Who to blame for MRT breakdowns?
The next time the train breaks down, don’t be too quick to pin the blame on Khaw Boon Wan.
For the culprit could very well be a balloon.
No, we’re not joking.
Balloons, especially the metallic shiny ones typically given on graduation ceremonies or birthdays, could disrupt train services.
Two months ago, these posters started surfacing at North East Line (NEL) train stations, reminding commuters to hold on to their balloons tightly:
Destructive potential of balloons
According to The Straits Times, SBS Transit decided to put up these posters following a train disruption that happened on 6 April last year.
Thanks to a power trip, NEL train services were disrupted for almost an hour in both directions between Boon Keng and Farrer Park stations.
Land Transport Authority’s investigations revealed that a passenger had unintentionally let go of an aluminium foil helium balloon. This balloon somehow made its way into the tunnel when the platform screen doors at Boon Keng Station opened.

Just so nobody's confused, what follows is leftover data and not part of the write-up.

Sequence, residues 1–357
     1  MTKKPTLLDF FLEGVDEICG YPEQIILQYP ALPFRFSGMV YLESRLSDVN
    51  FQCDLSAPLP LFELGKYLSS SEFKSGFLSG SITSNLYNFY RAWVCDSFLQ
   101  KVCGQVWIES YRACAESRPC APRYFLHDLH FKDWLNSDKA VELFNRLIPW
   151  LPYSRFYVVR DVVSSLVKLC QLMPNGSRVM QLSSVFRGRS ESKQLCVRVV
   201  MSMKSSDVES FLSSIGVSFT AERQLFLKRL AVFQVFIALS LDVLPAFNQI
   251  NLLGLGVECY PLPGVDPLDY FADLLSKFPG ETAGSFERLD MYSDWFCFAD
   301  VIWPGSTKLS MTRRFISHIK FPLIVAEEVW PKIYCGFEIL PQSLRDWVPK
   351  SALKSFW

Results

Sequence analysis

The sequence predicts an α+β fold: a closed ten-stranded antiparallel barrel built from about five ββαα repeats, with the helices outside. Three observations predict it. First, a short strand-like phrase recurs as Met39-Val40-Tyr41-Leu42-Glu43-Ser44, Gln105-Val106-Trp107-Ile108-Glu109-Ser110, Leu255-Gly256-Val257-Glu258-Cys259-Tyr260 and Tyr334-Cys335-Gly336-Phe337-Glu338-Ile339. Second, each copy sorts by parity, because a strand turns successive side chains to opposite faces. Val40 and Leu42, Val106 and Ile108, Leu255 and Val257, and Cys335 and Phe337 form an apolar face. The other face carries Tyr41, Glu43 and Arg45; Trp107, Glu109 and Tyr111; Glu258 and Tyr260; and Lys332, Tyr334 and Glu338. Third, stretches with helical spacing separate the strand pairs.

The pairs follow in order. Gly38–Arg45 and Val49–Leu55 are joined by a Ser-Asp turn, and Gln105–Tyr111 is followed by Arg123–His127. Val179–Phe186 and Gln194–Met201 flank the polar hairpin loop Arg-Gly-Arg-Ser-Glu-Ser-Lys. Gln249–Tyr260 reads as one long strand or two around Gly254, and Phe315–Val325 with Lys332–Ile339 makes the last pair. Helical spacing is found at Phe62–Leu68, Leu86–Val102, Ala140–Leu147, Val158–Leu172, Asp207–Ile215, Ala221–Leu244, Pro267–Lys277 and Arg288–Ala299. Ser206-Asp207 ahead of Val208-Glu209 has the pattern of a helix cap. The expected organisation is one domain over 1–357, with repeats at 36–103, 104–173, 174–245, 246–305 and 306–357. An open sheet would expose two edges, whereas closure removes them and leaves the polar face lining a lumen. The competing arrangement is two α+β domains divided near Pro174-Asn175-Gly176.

The balloon subsequently came into contact with the overhead catenary system’s electrical insulator, causing an electrical fault. The overhead catenary system is the power supply system fixed on the train tunnel’s ceiling.
National University of Singapore’s Electrical and Computer Engineering Department’s Professor Liew Ah Choy said:
The aluminium foil is an electrical conductor and when it comes into contact with the live overhead wires a short circuit occurs. This would trigger the circuit breakers to trip, to prevent further damage to the electrical equipment.
Precedent in Hong Kong
Such incidents are uncommon here, but occur more often in cities such as Hong Kong. A Hong Kong magazine said that balloons were banned in 1996 after a Minnie Mouse balloon floated into a tunnel during rush hour, causing a short circuit.
All trains between interchange stations Admiralty and Quarry Bay came to a stop for 1.5 hours, affecting 100,000 commuters.
With Singapore’s reputation of being a fine city, we wonder if balloons will eventually be banned in MRT stations.
Only the 16-station NEL is run by overhead catenary systems. The other MRT lines are powered by a power-supplying rail on the ground.
You know what this means…
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